The term “child abuse” can be defined as any behavior directed toward a child by a parent, guardian, care giver, other family member, or other adult, that endangers or impairs a child’s physical or emotional health and development. While child abuse and neglect affect all segments of society and know no socioeconomic, cultural, ethnic, or religious boundaries, included among the factors which often contribute to child abuse are alcohol and substance abuse, lack of parenting skills, economic difficulties or poverty, domestic violence and previous victimization.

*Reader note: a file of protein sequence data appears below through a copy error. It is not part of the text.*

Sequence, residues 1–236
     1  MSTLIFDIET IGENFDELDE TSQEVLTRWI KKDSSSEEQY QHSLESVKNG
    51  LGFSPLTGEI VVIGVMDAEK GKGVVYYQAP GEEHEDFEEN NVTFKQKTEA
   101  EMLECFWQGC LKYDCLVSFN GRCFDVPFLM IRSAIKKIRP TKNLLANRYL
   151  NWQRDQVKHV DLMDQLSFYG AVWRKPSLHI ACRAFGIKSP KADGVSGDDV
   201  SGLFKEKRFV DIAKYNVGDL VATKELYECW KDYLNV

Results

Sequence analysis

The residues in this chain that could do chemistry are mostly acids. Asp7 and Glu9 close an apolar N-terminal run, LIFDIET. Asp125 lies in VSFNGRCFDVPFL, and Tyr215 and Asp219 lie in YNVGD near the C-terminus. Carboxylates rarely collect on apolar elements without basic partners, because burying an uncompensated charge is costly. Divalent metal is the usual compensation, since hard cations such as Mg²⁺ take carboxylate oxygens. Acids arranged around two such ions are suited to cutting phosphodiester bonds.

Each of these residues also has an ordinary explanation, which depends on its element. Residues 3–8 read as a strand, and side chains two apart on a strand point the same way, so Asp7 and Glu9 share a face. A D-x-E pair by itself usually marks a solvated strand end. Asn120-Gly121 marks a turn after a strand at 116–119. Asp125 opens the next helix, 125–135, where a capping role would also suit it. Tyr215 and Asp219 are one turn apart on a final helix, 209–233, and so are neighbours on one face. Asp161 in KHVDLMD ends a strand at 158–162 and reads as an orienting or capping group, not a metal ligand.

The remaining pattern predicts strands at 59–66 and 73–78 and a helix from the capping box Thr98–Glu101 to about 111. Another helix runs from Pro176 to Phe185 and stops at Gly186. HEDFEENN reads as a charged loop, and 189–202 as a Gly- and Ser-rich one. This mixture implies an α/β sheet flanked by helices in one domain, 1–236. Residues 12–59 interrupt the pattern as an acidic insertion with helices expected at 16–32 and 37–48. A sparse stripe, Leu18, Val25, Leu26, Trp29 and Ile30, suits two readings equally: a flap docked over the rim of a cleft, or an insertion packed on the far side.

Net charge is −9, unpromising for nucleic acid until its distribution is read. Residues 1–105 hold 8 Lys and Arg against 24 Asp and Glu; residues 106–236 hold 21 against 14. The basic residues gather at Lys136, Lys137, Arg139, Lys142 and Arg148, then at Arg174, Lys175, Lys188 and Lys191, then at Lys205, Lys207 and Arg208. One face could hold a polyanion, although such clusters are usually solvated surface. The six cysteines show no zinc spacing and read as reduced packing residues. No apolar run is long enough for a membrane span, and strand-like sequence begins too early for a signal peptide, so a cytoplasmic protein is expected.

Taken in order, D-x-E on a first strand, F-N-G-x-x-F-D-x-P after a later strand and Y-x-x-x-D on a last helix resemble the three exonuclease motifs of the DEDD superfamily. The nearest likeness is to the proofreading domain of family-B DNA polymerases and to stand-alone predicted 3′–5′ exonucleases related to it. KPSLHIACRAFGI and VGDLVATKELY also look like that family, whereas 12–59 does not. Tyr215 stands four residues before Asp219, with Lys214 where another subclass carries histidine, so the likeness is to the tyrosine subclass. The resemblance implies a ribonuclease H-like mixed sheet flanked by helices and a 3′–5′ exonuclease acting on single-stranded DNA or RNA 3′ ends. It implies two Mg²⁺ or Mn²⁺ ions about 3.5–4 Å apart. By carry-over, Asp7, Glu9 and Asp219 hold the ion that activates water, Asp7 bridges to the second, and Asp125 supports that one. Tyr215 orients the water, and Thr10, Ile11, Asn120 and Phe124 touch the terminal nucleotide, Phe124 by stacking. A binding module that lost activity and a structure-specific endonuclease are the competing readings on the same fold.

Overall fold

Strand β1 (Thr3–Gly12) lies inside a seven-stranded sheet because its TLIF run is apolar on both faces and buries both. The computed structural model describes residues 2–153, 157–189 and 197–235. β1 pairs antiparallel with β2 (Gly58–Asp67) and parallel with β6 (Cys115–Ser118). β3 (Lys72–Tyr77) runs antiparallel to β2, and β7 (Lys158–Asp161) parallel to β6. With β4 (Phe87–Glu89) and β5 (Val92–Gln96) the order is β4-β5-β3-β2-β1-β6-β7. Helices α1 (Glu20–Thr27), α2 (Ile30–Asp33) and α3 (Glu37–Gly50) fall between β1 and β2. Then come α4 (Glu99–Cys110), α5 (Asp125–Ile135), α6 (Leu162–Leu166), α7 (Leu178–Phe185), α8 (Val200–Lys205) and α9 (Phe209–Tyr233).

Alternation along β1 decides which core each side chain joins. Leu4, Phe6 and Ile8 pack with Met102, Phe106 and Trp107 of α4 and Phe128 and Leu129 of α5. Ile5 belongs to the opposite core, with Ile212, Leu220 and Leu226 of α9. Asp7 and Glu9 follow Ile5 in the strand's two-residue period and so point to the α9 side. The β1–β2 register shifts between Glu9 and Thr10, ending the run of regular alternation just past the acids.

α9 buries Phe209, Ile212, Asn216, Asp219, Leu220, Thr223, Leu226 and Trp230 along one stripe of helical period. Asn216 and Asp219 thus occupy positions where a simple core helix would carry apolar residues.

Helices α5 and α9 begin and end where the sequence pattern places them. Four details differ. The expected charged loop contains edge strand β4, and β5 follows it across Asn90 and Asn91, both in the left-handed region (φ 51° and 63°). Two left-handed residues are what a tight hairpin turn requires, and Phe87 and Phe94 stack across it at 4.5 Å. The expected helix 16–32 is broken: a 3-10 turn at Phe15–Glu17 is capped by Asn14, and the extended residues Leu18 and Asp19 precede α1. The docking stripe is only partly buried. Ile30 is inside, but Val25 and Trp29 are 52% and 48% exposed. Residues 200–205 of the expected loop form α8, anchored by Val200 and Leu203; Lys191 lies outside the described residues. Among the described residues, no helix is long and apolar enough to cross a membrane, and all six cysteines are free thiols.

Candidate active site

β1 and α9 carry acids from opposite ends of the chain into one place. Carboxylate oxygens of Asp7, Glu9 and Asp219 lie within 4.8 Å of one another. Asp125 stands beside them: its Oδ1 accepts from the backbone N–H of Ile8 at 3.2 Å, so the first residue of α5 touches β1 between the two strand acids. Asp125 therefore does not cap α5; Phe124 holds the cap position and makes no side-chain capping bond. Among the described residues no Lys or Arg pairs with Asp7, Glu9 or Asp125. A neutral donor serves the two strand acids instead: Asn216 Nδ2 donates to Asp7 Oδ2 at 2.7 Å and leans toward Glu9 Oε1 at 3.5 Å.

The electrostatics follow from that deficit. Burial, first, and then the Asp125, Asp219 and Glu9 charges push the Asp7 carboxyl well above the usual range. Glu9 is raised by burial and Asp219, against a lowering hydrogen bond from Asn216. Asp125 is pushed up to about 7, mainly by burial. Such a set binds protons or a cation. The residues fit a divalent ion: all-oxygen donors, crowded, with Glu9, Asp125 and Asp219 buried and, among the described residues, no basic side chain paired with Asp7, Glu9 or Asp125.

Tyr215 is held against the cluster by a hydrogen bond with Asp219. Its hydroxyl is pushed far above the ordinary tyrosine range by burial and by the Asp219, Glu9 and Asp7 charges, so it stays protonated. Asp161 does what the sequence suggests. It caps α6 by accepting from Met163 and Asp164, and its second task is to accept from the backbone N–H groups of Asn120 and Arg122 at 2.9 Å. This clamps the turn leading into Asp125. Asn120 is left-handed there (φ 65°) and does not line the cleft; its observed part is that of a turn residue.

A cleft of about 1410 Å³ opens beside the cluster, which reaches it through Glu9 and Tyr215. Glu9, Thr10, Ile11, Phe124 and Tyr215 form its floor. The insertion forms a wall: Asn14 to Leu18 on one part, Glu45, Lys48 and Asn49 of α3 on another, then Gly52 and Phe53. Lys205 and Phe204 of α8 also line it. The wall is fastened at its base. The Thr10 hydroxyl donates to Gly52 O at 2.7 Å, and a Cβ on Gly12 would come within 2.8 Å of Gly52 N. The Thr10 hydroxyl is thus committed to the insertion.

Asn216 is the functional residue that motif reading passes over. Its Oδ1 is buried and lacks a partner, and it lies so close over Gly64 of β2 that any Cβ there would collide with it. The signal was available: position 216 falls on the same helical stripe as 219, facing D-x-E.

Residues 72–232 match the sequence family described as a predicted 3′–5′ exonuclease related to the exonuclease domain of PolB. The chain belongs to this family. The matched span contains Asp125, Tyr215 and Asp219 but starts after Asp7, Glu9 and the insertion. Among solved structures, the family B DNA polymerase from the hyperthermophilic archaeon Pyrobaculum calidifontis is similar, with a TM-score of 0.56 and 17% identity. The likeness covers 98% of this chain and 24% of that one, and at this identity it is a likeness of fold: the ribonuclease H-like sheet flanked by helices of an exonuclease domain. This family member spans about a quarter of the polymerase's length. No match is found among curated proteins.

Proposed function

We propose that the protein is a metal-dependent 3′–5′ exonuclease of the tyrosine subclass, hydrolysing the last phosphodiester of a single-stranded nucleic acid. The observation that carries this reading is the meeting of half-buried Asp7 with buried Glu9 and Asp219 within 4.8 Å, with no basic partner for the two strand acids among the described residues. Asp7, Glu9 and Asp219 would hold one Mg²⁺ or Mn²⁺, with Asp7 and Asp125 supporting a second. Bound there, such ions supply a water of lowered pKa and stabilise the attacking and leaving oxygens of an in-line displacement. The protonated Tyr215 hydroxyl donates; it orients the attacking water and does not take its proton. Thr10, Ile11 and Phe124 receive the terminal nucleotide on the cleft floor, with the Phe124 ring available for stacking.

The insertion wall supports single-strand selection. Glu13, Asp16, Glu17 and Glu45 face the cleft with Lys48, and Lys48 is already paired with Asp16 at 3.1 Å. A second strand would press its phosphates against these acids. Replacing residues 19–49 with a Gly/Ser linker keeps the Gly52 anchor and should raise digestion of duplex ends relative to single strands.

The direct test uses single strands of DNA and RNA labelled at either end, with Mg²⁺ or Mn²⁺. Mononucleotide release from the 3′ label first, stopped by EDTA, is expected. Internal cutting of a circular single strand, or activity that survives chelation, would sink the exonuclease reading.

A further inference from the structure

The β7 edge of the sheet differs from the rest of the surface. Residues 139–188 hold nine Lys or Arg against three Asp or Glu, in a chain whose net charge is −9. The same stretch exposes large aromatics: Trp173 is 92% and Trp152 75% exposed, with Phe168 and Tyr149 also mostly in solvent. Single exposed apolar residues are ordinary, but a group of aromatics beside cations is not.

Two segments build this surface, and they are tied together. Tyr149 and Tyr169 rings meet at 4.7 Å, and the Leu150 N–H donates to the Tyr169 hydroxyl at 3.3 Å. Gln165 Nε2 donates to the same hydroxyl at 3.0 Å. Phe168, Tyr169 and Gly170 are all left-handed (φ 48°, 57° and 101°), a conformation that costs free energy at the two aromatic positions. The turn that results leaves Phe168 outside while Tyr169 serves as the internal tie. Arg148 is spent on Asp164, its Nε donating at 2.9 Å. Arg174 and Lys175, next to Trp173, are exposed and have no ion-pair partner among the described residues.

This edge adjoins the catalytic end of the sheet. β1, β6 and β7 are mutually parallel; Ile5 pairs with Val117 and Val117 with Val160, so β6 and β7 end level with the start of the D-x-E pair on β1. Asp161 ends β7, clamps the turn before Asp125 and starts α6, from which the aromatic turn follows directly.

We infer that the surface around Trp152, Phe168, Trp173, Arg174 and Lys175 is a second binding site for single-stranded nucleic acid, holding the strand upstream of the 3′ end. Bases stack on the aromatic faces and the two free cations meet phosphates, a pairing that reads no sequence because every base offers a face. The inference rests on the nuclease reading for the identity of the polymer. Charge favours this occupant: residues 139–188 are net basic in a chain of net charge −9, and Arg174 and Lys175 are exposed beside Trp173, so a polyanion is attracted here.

Child abuse includes four major categories:
- physical abuse
- sexual abuse
- emotional abuse
Child abuse and neglect is a national problem which has increased to epidemic proportions in the United States. More than 2.5 million reports of child abuse are made in the United States annually with hundreds of deaths related to child abuse reported each year. Most runaways, adolescent prostitutes and teenage delinquent’s report having been victims of some form of child abuse, and it is reported that a majority of violent criminals suffered abuse, either physical and/or sexual as children. Abuse robs children of the opportunity to develop healthy, trusting relationships with adults, contributes to low self-esteem, and impairs healthy psycho-social development. Indeed, the effects of childhood abuse often last a lifetime.